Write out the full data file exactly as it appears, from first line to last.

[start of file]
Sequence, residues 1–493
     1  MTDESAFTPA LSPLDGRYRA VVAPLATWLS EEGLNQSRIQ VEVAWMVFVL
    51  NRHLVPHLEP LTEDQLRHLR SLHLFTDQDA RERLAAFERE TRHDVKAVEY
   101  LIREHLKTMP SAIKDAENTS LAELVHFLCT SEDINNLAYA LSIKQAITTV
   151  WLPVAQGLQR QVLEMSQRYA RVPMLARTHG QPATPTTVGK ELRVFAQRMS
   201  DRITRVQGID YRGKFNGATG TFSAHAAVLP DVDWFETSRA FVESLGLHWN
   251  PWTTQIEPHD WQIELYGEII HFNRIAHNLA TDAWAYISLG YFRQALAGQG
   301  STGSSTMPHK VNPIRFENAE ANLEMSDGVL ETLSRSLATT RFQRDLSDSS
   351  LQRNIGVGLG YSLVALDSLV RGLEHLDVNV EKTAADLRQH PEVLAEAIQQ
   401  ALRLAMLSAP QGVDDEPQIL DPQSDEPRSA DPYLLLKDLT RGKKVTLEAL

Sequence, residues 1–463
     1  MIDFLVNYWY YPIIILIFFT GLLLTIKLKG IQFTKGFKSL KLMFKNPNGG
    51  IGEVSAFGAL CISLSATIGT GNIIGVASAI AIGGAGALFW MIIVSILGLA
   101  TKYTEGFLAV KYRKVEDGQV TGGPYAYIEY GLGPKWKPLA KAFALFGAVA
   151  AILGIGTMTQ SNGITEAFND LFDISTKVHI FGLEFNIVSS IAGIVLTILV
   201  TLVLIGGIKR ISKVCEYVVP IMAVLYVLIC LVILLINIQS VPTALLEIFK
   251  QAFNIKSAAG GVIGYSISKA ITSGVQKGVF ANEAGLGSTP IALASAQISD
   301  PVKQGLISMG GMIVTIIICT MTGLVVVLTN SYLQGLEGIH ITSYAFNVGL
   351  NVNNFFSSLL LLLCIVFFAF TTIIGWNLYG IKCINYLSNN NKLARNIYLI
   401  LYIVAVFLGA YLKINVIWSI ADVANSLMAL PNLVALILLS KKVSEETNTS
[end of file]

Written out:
Sequence, residues 1–493
     1  MTDESAFTPA LSPLDGRYRA VVAPLATWLS EEGLNQSRIQ VEVAWMVFVL
    51  NRHLVPHLEP LTEDQLRHLR SLHLFTDQDA RERLAAFERE TRHDVKAVEY
   101  LIREHLKTMP SAIKDAENTS LAELVHFLCT SEDINNLAYA LSIKQAITTV
   151  WLPVAQGLQR QVLEMSQRYA RVPMLARTHG QPATPTTVGK ELRVFAQRMS
   201  DRITRVQGID YRGKFNGATG TFSAHAAVLP DVDWFETSRA FVESLGLHWN
   251  PWTTQIEPHD WQIELYGEII HFNRIAHNLA TDAWAYISLG YFRQALAGQG
   301  STGSSTMPHK VNPIRFENAE ANLEMSDGVL ETLSRSLATT RFQRDLSDSS
   351  LQRNIGVGLG YSLVALDSLV RGLEHLDVNV EKTAADLRQH PEVLAEAIQQ
   401  ALRLAMLSAP QGVDDEPQIL DPQSDEPRSA DPYLLLKDLT RGKKVTLEAL

Sequence, residues 1–463
     1  MIDFLVNYWY YPIIILIFFT GLLLTIKLKG IQFTKGFKSL KLMFKNPNGG
    51  IGEVSAFGAL CISLSATIGT GNIIGVASAI AIGGAGALFW MIIVSILGLA
   101  TKYTEGFLAV KYRKVEDGQV TGGPYAYIEY GLGPKWKPLA KAFALFGAVA
   151  AILGIGTMTQ SNGITEAFND LFDISTKVHI FGLEFNIVSS IAGIVLTILV
   201  TLVLIGGIKR ISKVCEYVVP IMAVLYVLIC LVILLINIQS VPTALLEIFK
   251  QAFNIKSAAG GVIGYSISKA ITSGVQKGVF ANEAGLGSTP IALASAQISD
   301  PVKQGLISMG GMIVTIIICT MTGLVVVLTN SYLQGLEGIH ITSYAFNVGL
   351  NVNNFFSSLL LLLCIVFFAF TTIIGWNLYG IKCINYLSNN NKLARNIYLI
   401  LYIVAVFLGA YLKINVIWSI ADVANSLMAL PNLVALILLS KKVSEETNTS